Undergraduate Research Program

Rachel Shi

Major: Bioengineering
Mentor: Buddy Ratner (Bioengineering & Chemical Engineering), Runbang Tang (Bioengineering)

Contact: rxshi@uw.edu

Current research projects: Urea-Permeable Polymeric Membrane for Selective Nanofiltration in Hemodialysis


Rachel is a senior (c/o 2022) majoring in Bioengineering with an option in Nanoscience and Molecular Engineering. After becoming interested in applying engineering techniques in medical contexts in her first two years, she began working with Dr. Ratner in his Biomaterials lab. Her work in his lab has been centered on developing membranes for nanofiltration in dialysis using a variety of synthesis methods. She is also involved with student groups that develop diagnostic devices and hopes to see her projects to commercialization.


Translate your work so that we can all understand its importance
In the U.S., 750,000 people are affected by end-stage renal disease, the final stage of chronic kidney disease. These individuals require treatment via dialysis or kidney replacement for survival, with the former being significantly more widespread. My work aims to address the inconveniences and shortcomings of hemodialysis; in particular, I am developing thin films capable of filtering toxins such as urea with high specificity. This would also facilitate the creation of a portable hemodialysis device that would resolve many of the limitations posed to dialysis patients currently.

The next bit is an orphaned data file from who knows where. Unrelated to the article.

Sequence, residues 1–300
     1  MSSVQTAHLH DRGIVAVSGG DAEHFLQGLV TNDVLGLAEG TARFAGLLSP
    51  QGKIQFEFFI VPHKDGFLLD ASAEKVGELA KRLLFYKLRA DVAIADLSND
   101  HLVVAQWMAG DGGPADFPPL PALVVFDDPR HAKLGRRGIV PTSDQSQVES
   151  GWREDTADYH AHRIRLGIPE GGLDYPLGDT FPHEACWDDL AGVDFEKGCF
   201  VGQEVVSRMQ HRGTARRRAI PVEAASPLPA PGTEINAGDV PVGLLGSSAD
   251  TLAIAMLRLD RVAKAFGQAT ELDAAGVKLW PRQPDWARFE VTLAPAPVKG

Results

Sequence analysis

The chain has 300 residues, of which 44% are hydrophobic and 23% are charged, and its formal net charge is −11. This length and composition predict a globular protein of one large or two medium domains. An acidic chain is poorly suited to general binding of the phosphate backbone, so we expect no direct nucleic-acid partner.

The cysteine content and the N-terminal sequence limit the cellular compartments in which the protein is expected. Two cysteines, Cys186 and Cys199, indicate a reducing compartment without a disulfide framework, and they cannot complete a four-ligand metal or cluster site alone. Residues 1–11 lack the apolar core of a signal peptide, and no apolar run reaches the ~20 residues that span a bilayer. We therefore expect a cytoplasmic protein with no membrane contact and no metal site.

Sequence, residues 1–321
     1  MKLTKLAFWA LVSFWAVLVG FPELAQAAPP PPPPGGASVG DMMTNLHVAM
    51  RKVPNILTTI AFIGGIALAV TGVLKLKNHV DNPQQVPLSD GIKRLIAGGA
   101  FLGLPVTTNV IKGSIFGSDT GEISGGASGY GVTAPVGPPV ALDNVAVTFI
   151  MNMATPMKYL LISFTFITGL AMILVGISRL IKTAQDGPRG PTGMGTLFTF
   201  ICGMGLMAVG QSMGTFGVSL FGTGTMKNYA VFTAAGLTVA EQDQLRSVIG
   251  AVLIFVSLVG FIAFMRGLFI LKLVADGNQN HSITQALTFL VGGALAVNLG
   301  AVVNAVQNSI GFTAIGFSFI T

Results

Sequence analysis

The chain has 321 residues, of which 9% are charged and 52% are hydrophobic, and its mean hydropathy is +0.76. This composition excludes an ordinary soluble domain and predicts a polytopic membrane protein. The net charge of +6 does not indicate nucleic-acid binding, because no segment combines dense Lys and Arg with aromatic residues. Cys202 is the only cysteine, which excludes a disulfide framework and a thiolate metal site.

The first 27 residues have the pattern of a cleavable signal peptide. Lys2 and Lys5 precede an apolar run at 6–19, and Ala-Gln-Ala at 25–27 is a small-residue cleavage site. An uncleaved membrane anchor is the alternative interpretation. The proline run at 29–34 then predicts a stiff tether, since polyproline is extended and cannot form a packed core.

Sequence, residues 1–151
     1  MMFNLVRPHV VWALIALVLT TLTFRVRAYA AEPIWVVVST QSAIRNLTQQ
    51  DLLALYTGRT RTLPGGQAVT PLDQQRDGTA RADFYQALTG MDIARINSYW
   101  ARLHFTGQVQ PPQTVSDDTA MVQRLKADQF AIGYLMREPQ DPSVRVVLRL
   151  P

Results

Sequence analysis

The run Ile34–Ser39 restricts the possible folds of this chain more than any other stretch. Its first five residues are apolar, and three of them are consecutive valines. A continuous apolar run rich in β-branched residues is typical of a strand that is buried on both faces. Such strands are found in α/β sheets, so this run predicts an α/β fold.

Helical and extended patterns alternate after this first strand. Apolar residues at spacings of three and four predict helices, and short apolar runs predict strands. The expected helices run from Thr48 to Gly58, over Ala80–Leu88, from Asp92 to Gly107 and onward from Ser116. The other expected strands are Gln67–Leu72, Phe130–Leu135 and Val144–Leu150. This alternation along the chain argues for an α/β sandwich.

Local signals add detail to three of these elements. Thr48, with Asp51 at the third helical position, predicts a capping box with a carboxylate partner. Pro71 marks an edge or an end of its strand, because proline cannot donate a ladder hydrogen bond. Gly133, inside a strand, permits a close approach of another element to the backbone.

When, how, and why did you get involved in undergraduate research?
Before university, I had a biology instructor (Dr. Emily Jacobs-Palmer) who was passionate about making science more accessible and digestible for everyone. Under her guidance, I conducted my first (admittedly very low-budget) independent research project, using DNA detection techniques to determine the spread of invasive species around the Puget Sound. This experience was my first introduction to research and I began emailing PIs the summer before freshman year despite my inexperience. I joined a psychiatry and neuroscience lab where I was able to develop and hone many of the core research skills that I carried over to my current bioengineering lab.


What advice would you give a student who is considering getting involved in undergraduate research?
Don’t be afraid to reach out and learn more about a lab’s research! This can be asking other students, TAs, and professors or browsing departmental websites and skimming papers. Know that research can take many different forms: it can be with a PI, mostly student-led, part of a larger initiative, independent, etc. Research can also take place in many disciplines; you don’t have to confine yourself to a lab in your major! There are many interdisciplinary projects out there that may align with your skills and interests.